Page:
Undercurrent – A Merfolk Myth
~ Extras ~
Extra scene: Assignment
This scene is set at the end of chapter 3. It goes into detail about Alex and the merfolk assignment for his History class. It also introduces Gill in a different way, and gives a glimpse of how Scott is not exactly adapting to his life as a Brooks.
Since the day the United Nation had admitted that the merman story was real, everyone in the world had vocalized an opinion about it. Alexander Brooks, hacker extraordinaire, was ready to follow every lead, search for any threat, and protect against any attack that a human might be talking about—or so he’d told himself four months ago.
There was no way he could do this alone.
He’d tried to enlist his brothers’ help in this crusade, but Matt had told him Drake had all of this under control, and Chris had told him he was too young to be holding the weight of the merfolk world on his shoulders.
Scott had been interested for about a week, and then had collapsed under school pressure, something his new brother hadn’t had to deal with in his entire life.
Of course he’d never cared about human school, Alex thought as he yawned at the same time the first bell rang. If he heard one more time how Scott had all this glorified merfolk knowledge that Julian hadn’t shared, he was going to strangle the kid.
He was paranoid enough to be unable to leave the internet alone, but worried enough about his grades to pay attention at school. He’d missed almost the entire last semester while Chris had been recuperating at their summer house, and he was more than ready to make up for lost time. Besides, he needed to keep his mind away from Roy Wallace and murdered merfolk for a while. It was the only reason why Julian had sent them to school, so they didn’t have to breathe the toxic fear of the unknown in every corner of their home.
Plus, the worst thing that could happen to them here was an F.
He yawned once more as History started. In big, thin letters, Mr. Green wrote Greek Mythology.
“Okay, class. In light of recent world events, I think it’s time we understand how myths come to be, and how our mermaid friends went from being real, to being myths, to becoming real once more.”
Alex groaned so loud in his mind he was sure merfolk in The City heard him.
I take it back. There’s so much worse than an F here!
* * *
Lunch always baffled Scott. Too many people trying to stay in groups without touching the other groups, as if an invisible viral infection was waiting to spread any second now.
Fortunately, he had a guaranteed table of his own with Alex and Matt, but even they elicited fleeting looks and some veiled disdain.
“I can’t believe Mr. Green would think that was a good idea!” Alex was saying when Scott finally sat down. Untrusting by nature, Scott felt way too many eyes on him to feel comfortable even at school.
“Chill. It’s not like he knows.”
“What?” Scott asked, alarmed.
“History’s assignment is a research on merfolk,” Alex said, as if it were the end of the world.
“So? So? I’ve been ‘researching’ merfolk for five months straight now. I kinda want a break here at school. That’s the tragedy of it all.”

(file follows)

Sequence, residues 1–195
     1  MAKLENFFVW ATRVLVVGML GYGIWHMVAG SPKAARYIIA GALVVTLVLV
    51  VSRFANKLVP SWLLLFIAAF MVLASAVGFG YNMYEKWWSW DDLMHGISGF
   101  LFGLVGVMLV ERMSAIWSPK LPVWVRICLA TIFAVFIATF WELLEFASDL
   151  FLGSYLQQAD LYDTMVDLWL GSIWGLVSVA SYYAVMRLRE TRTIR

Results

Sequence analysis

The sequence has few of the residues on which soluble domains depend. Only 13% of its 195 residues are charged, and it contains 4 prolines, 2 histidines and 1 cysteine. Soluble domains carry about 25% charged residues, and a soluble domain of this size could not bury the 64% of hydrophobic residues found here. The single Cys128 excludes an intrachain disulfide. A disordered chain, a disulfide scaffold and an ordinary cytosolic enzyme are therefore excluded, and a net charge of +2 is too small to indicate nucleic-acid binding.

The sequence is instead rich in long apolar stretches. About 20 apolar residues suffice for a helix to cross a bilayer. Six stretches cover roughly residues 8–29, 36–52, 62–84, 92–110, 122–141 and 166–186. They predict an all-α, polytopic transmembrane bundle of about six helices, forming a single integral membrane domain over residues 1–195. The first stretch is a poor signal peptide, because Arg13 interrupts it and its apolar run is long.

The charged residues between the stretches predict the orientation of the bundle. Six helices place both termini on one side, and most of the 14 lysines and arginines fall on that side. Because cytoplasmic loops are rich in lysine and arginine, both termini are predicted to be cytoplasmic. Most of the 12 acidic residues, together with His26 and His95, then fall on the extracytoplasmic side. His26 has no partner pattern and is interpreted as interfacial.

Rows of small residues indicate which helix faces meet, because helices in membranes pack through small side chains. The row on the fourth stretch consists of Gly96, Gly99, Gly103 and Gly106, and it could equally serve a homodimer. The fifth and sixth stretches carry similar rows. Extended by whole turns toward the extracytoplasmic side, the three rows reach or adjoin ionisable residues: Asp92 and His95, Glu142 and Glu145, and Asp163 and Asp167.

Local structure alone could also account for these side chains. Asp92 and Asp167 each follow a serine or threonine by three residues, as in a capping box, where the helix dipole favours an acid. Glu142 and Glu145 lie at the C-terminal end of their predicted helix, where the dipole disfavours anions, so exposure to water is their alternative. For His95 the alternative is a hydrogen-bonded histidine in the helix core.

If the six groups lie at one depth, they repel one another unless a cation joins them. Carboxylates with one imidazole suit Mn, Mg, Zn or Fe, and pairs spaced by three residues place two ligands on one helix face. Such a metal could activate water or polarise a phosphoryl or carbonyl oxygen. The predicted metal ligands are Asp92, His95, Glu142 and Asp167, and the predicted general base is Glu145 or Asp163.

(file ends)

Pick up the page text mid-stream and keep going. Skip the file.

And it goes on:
“You should already have the assignment done, then,” Scott said, frowning. “I doubt there’s anybody on this entire school who knows more about what’s being said about merfolk than you.”
“The kid has a point,” Matt said, tearing through half of his lunch.
“Don’t call me ‘kid’,” Scott muttered, without much hope of being respected.
“That’s not the point,” Alex said, sulking. “Everyone talks about us in this weird, downright bizarre ways all the time, and we have to swallow it all. But now I have to write a paper on all these lies and present it as fact. The whole thing is so unfair.”
Matt chewed silently, staring at Alex, almost as if saying what else is new.
“What’s with all the staring?” Scott asked before Alex could go on yet another tirade. Furtive and subtle, Scott could still feel the cafeteria’s eyes on him.
“They know we’re different,” Matt said, shrugging.
“They know we’re adopted,” Alex explained, while Matt shrugged. “Matt can be the swimming team star, and I’m one of their best students, but they know we’re not Julian’s blood sons.”
“They’re stuck,” Matt said. “They can’t shun us because you don’t shun a Brooks.”
“But they can’t fully embrace us because we’re not real Brooks,” Alex finished.
“That’s stupid,” Scott said, the currents of social behavior—of rich teenagers’ social behavior—way beyond his grasp.
“We know,” his brothers said at the same time.
“It’ll get better once you’re no longer a shiny new Brooks,” Matt said. “It’s like with the reporters, you’ll become old news and they’ll drop you.”
Scott opened his mouth to get a more detailed answer when he felt a shadow behind him.
“Alexander,” a girl said, tall and with a mess of reddish curly hair. “We need to start making a schedule to get the mermaid assignment going,” she pointed out while nodding, as if encouraging Alex to say yes.
Matt raised his eyebrows, “You didn’t say it was with a partner.”
“Would that make a difference?” Alex said, before standing up. “Sure, Gill. Let’s get this thing done.”
Matt stared with a devilish grin as both sophomores left the cafeteria.
“What?” Scott asked again. He seemed to be perpetually stuck in that question, and it was getting old.
“Gill McKenzie has had a crush on me for two years now. No wonder the Squid thinks the universe is out to get him. I think I’m going to enjoy this assignment a whole lot more than he will.”
“You’re all so weird,” was all Scott muttered as he finished his lunch.